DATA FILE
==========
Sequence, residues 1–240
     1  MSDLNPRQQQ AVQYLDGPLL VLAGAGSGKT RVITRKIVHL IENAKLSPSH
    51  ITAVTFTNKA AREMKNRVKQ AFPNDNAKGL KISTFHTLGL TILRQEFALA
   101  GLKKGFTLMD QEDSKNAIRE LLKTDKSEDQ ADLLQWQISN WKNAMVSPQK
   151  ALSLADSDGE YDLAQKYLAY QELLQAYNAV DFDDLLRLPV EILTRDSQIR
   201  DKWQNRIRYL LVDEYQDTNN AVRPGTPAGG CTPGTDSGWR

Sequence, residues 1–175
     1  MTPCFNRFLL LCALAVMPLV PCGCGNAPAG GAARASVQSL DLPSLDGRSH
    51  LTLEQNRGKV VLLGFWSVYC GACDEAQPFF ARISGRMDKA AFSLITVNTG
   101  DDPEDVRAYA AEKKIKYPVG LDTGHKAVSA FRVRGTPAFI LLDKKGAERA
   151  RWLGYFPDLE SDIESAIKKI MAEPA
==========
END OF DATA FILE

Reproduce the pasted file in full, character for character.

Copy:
Sequence, residues 1–240
     1  MSDLNPRQQQ AVQYLDGPLL VLAGAGSGKT RVITRKIVHL IENAKLSPSH
    51  ITAVTFTNKA AREMKNRVKQ AFPNDNAKGL KISTFHTLGL TILRQEFALA
   101  GLKKGFTLMD QEDSKNAIRE LLKTDKSEDQ ADLLQWQISN WKNAMVSPQK
   151  ALSLADSDGE YDLAQKYLAY QELLQAYNAV DFDDLLRLPV EILTRDSQIR
   201  DKWQNRIRYL LVDEYQDTNN AVRPGTPAGG CTPGTDSGWR

Sequence, residues 1–175
     1  MTPCFNRFLL LCALAVMPLV PCGCGNAPAG GAARASVQSL DLPSLDGRSH
    51  LTLEQNRGKV VLLGFWSVYC GACDEAQPFF ARISGRMDKA AFSLITVNTG
   101  DDPEDVRAYA AEKKIKYPVG LDTGHKAVSA FRVRGTPAFI LLDKKGAERA
   151  RWLGYFPDLE SDIESAIKKI MAEPA